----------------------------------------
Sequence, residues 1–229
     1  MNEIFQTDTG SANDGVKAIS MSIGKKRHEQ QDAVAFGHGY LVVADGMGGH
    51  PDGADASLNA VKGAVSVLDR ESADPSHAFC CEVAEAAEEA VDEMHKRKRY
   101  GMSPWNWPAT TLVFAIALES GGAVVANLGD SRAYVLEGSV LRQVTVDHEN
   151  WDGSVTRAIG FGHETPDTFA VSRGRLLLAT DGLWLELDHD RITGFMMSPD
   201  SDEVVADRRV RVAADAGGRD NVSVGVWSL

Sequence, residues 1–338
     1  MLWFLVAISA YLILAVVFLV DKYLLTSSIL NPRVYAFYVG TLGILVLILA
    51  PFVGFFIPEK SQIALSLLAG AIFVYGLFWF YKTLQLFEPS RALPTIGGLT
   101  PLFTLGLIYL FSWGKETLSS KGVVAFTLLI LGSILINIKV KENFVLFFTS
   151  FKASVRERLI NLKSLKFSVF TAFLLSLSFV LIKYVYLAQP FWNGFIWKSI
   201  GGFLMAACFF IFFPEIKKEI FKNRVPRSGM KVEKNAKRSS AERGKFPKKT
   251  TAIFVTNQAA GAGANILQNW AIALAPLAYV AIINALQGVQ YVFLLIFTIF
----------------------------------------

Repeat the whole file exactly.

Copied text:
Sequence, residues 1–229
     1  MNEIFQTDTG SANDGVKAIS MSIGKKRHEQ QDAVAFGHGY LVVADGMGGH
    51  PDGADASLNA VKGAVSVLDR ESADPSHAFC CEVAEAAEEA VDEMHKRKRY
   101  GMSPWNWPAT TLVFAIALES GGAVVANLGD SRAYVLEGSV LRQVTVDHEN
   151  WDGSVTRAIG FGHETPDTFA VSRGRLLLAT DGLWLELDHD RITGFMMSPD
   201  SDEVVADRRV RVAADAGGRD NVSVGVWSL

Sequence, residues 1–338
     1  MLWFLVAISA YLILAVVFLV DKYLLTSSIL NPRVYAFYVG TLGILVLILA
    51  PFVGFFIPEK SQIALSLLAG AIFVYGLFWF YKTLQLFEPS RALPTIGGLT
   101  PLFTLGLIYL FSWGKETLSS KGVVAFTLLI LGSILINIKV KENFVLFFTS
   151  FKASVRERLI NLKSLKFSVF TAFLLSLSFV LIKYVYLAQP FWNGFIWKSI
   201  GGFLMAACFF IFFPEIKKEI FKNRVPRSGM KVEKNAKRSS AERGKFPKKT
   251  TAIFVTNQAA GAGANILQNW AIALAPLAYV AIINALQGVQ YVFLLIFTIF